United Airlines announced a major expansion from this summer, the latest step in a turn-around effort by the USA’s No. 3 airline.
The sweeping expansion will bring United to four destinations it does not currently serve and add 16 non-stop routes to the carrier’s route map. The airline also unveiled the addition of six seasonal routes and plans to boost flights on 15 routes it’s already flying. United also confirmed plans to renew a relationship with former affiliate Air Wisconsin, which would fly up to 65 regional jets under the United Express brand.
United hopes its shift into expansion mode – coupled with recent service and product upgrades – will help it win back customers it’s lost to rivals American and Delta since its “rocky” merger with Continental in 2010.
“We’ve been shrinking, and our competitors have been growing at our expense,” Scott Kirby, who jumped from president of American Airlines to the same job at United in August, tells The Associated Press. “We’re going back on offense.”
As part of that “offensive,” United will add more flights and bigger planes to key business routes it pared during broader cost-cutting initiatives.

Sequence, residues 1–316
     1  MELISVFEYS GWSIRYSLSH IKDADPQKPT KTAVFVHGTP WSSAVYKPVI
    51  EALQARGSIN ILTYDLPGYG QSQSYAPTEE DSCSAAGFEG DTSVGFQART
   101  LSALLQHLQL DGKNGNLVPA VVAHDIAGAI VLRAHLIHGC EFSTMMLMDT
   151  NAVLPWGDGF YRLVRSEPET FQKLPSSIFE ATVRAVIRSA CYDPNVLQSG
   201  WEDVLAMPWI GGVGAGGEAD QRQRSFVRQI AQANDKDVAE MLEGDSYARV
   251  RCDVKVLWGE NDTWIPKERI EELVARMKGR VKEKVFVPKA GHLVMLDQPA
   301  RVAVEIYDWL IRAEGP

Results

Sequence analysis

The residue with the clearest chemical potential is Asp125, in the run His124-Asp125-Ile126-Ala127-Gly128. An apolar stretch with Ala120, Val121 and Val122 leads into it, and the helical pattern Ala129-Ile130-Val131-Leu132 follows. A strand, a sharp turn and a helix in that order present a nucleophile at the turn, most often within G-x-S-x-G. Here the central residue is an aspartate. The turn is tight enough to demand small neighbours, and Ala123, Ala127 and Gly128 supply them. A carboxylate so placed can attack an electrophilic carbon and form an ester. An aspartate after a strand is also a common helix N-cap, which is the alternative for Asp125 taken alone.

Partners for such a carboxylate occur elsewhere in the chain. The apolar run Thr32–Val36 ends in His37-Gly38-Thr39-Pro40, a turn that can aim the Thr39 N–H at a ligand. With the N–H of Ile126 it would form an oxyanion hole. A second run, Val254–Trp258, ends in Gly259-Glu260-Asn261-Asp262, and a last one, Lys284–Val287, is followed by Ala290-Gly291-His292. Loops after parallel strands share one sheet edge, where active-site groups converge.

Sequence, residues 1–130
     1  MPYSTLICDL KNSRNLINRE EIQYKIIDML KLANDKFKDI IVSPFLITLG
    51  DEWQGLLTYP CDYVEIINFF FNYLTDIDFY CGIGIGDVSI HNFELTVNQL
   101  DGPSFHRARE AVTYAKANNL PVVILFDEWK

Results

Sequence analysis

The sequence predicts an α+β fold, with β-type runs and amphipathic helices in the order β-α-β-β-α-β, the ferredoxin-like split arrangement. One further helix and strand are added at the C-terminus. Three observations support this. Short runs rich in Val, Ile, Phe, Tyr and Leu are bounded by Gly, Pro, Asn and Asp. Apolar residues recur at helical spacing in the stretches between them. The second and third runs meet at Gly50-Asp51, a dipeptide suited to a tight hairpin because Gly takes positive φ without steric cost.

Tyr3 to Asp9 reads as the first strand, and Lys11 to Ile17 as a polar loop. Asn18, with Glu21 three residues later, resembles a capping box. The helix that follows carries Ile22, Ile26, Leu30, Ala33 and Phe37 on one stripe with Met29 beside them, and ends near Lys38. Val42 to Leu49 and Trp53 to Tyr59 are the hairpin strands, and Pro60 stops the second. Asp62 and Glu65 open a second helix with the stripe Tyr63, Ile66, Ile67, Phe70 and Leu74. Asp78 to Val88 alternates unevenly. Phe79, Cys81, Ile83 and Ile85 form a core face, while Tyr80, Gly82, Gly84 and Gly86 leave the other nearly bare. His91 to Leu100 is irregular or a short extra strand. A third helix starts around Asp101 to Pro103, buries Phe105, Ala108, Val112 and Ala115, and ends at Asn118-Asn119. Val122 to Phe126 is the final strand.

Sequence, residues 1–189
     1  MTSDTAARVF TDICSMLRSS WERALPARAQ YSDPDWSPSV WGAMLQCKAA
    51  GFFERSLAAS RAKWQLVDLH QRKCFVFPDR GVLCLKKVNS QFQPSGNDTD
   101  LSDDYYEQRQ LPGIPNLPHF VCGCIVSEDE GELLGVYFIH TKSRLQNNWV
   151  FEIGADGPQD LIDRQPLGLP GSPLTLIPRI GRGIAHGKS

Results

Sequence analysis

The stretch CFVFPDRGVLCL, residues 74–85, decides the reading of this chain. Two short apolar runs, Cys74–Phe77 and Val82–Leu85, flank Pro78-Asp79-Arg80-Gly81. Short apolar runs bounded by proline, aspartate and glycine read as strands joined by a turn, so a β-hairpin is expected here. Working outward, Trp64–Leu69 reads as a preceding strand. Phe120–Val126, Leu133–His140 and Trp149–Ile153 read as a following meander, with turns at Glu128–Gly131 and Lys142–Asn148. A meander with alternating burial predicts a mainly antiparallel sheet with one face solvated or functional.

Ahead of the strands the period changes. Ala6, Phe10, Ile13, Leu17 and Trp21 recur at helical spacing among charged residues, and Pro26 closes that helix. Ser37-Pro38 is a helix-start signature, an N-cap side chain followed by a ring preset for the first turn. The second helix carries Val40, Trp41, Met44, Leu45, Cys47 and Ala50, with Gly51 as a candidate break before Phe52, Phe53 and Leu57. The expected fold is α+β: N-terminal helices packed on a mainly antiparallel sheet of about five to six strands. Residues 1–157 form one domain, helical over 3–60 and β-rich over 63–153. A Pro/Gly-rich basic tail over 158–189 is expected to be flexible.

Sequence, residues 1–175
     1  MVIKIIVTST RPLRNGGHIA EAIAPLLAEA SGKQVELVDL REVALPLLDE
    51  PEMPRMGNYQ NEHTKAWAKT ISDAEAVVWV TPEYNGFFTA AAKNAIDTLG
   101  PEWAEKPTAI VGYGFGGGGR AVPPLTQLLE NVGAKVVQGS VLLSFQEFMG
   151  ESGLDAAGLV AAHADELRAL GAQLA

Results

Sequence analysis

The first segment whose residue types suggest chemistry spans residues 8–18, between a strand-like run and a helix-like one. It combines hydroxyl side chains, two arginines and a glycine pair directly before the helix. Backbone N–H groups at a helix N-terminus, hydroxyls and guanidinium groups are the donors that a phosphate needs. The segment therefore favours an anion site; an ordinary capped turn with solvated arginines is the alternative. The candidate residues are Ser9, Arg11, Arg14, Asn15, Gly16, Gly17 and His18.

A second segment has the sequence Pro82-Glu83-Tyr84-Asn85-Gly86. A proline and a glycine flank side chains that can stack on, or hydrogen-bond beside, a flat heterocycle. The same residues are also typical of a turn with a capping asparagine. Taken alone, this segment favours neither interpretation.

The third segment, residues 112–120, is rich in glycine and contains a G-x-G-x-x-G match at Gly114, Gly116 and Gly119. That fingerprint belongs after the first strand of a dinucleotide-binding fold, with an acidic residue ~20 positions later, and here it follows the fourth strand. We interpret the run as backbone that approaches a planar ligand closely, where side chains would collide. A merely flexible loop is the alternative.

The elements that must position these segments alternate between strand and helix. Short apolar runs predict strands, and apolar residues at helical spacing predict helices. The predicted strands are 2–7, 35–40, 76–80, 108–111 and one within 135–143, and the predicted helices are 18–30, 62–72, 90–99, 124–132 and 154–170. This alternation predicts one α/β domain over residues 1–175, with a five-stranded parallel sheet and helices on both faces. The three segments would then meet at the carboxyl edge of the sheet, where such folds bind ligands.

“A decade ago, for instance,” AP writes, “United flew eight daily flights on Boeing 737s between Atlanta and Newark, a big business route where it competes with Delta. By 2013, United flew six times a day on small regional jets or turboprops.”
Aside from simply being less comfortable than full-size jets, regional jets are unpopular with business travelers because they tend to suffer higher cancellation rates than the full-size jets and because their reduced overhead bin space can force fliers to lose time by checking bags that normally would make it onto bigger jets as carry-ons .
“Our best customers started abandoning us and flying on the competition, who had a better product,” Kirby says to AP. “We…